CHALLENGE: USAID is interested in finding opportunities for co-creation and co-design of programs that increase the utilization of STIP to address long standing development challenges.
USAID is looking for collaborators who share our interest in utilizing STIP to: 1) produce breakthrough development innovations by sourcing, testing and scaling proven solutions to reach hundreds of millions of people; and, 2) to accelerate the transformation of the development enterprise by opening development to people anywhere with good ideas, promoting new and deepening existing partnerships, bringing data and evidence to bear, and harnessing scientific and technological advances.
This collaboration can take place in any country or region where USAID is active and is inclusive of every development sector in which USAID works. The work should focus on one or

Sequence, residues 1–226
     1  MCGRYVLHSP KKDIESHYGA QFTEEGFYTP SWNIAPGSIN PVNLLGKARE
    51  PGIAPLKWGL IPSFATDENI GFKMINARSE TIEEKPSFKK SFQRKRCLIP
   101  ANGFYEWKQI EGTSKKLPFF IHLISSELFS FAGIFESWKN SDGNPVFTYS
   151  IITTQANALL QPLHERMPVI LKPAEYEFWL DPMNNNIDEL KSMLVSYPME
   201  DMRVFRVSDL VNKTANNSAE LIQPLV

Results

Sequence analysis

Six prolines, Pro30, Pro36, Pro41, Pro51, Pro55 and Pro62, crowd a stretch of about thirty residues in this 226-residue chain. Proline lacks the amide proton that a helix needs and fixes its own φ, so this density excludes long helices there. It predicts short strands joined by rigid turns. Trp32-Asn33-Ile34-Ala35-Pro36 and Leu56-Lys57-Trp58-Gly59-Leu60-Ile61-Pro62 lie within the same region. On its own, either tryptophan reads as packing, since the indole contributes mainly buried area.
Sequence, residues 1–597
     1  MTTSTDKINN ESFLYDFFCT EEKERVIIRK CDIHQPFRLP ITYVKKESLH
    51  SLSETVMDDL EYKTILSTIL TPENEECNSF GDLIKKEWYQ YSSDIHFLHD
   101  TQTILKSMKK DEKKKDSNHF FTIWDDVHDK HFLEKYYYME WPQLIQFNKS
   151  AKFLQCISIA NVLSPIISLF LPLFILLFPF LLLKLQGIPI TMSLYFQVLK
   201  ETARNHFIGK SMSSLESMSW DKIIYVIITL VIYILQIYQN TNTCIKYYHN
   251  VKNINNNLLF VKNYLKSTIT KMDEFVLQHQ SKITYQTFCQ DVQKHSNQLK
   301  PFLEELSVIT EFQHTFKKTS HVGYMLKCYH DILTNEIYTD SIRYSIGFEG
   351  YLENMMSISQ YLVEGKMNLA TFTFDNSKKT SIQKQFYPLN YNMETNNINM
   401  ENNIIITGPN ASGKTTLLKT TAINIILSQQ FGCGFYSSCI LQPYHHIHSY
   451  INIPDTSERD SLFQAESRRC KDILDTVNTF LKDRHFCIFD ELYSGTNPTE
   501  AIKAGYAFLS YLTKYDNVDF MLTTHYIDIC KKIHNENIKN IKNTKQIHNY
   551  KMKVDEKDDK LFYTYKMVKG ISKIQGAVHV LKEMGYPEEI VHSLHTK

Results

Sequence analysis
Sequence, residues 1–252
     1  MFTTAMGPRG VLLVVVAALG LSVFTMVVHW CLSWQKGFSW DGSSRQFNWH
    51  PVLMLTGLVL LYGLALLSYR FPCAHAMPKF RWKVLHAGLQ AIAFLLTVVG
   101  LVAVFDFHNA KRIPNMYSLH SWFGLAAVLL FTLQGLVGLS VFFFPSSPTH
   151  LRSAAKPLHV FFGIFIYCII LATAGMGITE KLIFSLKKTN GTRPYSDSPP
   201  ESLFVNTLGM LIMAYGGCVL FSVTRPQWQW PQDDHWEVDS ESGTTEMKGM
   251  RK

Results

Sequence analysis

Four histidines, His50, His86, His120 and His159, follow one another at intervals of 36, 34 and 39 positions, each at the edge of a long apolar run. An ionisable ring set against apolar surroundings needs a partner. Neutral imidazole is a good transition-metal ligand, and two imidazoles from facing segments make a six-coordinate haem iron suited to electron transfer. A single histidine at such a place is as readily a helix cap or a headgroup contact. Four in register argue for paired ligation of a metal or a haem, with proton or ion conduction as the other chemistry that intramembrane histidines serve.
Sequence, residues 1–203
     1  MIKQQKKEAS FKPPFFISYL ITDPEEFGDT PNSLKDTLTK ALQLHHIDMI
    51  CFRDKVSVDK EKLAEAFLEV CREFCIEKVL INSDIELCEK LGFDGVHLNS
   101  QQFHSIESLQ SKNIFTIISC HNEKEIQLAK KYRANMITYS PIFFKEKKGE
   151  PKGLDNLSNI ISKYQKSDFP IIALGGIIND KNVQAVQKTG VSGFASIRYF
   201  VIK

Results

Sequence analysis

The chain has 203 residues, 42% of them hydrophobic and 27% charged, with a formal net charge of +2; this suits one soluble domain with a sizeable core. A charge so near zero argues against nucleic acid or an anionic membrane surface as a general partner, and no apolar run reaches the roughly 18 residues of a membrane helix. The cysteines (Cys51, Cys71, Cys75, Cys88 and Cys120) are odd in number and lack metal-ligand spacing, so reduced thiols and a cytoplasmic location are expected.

more of the following broad objectives:
1. Use scientific research to inform policy makers and improve development outcomes
2. Advance the use of enabling technologies to empower underserved communities and support data-driven approaches to improve the effectiveness of the development enterprise.
3. Increase the adoption of high-impact development innovations
4. Accelerate and scale development impact through private sector engagement, collective action approaches, and cultivation of entrepreneurial ecosystems.
V. General Criteria for Consideration A. Each individual BAA Addendum may specify additional evaluation criteria for selection.
Submissions are not evaluated against other submissions, but solely against the evaluation criteria from the STIP BAA and applicable STIP BAA Addendum.